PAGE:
Technology vs. Ideology in Warfare

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America is the home for the mother of invention. We are a nation
of inventors, tinkerers, and mechanics. From the humble locales
of basements, garages, kitchens, and living rooms have sprung cars,
airplanes, computers, and other innovative technology. Mark Twain's
character Hank Morgan from "A Connecticut Yankee in King Arthur's
Court" captures the essence of the "can do" spirit
of America by attempting to literally drag the dark ages of Camelot
into an enlightened Yankee industrial one.

This is one of the many dividends of a free society, where the
market encourages new products, profits the inventor, and benefits
the consumer with choices and comforts.

We are, as Sting once sang, spirits in a material world. Therein
lies the rub. As the Apostle Paul once wrote:

"For we wrestle not against flesh and blood, but against
principalities, against powers, against the rulers of the darkness
of this world, against spiritual wickedness in high."

~ Eph 6:12.

Some enemies cannot be defeated by physical means. Subjugating
a nation or people by destroying their infrastructure and killing
large numbers of them does not always defeat their spirit, or ensure
the peace will be permanently won. That World War II resulted from
the victory of World War I, "The War to end all Wars,"
bears this out.

The US Armed Forces enjoys the most modern and cutting-edge military
equipment in the world. We have an American tradition to trade treasure
for blood, relying on hardware in warfare to spare the lives of
our troops. There is nothing inherently wrong with this — it shows
the value we put on human life to spare and save as many of our
troops from the death and hazards of combat as possible.

But the danger begins when we equate the effectiveness of advanced
weapon systems dominating the enemy in the battlefield with obtaining
the objectives of victory. Lasting victory and peace cannot be attained
by high kill-ratio body counts alone — Unless the goal is outright
genocide instead of subduing a nation. In his book "Street
without Joy," an account of the French war in Vietnam, Bernard
Fall makes the argument that the biggest strategic error in the
war against the Communist North Vietnamese was the concept that
technology could defeat ideology. By 1952, 80% of
the French military effort in Vietnam was subsidized by the US under
Eisenhower. The French enjoyed complete air superiority and air
transport for the quick deployment of their elite paratroop battalions.
They had tanks, half-tracks, armored cars, and transport vehicles,
while the Viet Minh had virtually nothing except bicycles and the
occasional truck. The French even had an armed navy to patrol the
rivers. Yet the French lost. Following another eight years of military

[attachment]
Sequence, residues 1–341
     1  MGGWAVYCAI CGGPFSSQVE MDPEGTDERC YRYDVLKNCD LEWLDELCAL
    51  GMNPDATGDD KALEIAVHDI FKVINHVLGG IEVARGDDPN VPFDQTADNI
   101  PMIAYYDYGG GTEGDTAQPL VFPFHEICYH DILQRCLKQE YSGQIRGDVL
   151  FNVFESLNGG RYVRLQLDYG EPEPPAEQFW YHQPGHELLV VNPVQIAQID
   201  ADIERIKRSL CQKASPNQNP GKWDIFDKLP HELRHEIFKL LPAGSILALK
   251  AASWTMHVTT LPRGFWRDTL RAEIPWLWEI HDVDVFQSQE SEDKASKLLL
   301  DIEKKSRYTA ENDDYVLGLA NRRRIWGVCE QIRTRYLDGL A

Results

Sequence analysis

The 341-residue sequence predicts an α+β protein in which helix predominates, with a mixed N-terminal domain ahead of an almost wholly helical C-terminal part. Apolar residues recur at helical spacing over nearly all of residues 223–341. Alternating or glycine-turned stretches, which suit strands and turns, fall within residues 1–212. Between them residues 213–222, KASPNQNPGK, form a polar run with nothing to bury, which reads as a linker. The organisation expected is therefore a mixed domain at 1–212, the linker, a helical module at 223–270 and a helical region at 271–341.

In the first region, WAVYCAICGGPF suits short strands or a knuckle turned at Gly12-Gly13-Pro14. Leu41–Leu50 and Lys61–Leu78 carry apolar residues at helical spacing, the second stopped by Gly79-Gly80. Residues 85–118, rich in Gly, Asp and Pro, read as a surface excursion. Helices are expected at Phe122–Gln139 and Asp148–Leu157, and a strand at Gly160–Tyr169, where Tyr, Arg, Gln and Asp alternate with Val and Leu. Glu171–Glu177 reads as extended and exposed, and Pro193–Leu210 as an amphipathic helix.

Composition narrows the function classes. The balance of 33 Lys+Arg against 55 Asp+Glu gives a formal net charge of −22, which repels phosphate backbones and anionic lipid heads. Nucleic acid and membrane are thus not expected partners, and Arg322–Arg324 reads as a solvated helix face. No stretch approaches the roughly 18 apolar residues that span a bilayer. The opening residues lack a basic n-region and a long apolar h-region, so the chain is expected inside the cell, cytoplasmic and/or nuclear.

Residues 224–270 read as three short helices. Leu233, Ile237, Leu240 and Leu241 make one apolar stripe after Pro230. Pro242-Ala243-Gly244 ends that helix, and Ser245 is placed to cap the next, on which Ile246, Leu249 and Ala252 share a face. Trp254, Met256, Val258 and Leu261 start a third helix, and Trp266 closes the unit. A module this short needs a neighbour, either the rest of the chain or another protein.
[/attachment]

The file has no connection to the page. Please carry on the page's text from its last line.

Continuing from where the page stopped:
intervention in Vietnam, with a ten-fold increase in the amount
of troops, equipment, and cutting edge hardware, the US lost too.
The same result occurred in the Korea War, with the French colony
in Algiers, and the Soviets in Afghanistan.

Apologists for these defeats will usually cite the lack of willingness
of the losing side to exercise total warfare by using all military
means necessary to defeat the opposition, including the deployment
of nuclear weapons. This is often referred to as the euphemism "All
options are on the table."

The point they miss in recommending escalation of force is that
it leads to a Pandora's box of unforeseeable consequences and outcomes.
In the case of the Korean and Vietnam wars, escalation would have
led to a disastrous war with China. In Afghanistan and Algiers,
it led to political outcry of protest at home and worldwide, because
while the people in both of those countries the Soviets and the
French sought to subdue could be killed, they could not be defeated.
And if you have to kill your enemy to the last man, woman,
and child to win, it no longer becomes a war of conquest, but of
annihilation. Total war cuts both ways, especially when the defenders
are willing to sacrifice as much as the invaders are willing
to do whatever it takes. It becomes a case of game one-upmanship,
and history has long proven that the invaded country has the home
field advantage. Advanced military technology is superb for winning
conventional tactical battles in the short term. But were the defender
engages in total warfare with the entire citizenry of its country,
willing to trade bodies and blood to blunt expensive hardware over
an indefinite time, technology becomes the loser of the exchange.

Occupying armies never rest. They expend tremendous amount of
effort maintaining supply lines, projecting force through patrols
and convoys, and keeping up the faade of control over the inhabitants.
Over time, their morale degrades from fighting and dying in a strange
land, against a people that are often consider sub-human to the
occupying soldier, who refer to them in slang terms such as Ragheads,
Hajjis, Gooks, Slopes, Krauts, or Nips. These troops look forward
to the day when they will be rotated back home, and leave the forsaken
warzone behind.

To make up the numerical disadvantage of fighting the enemy on
his home ground, the occupiers rely on technological superiority.
Maintaining these sophisticated tools require modern mechanized
armies to become road bound for their supply lines — lines that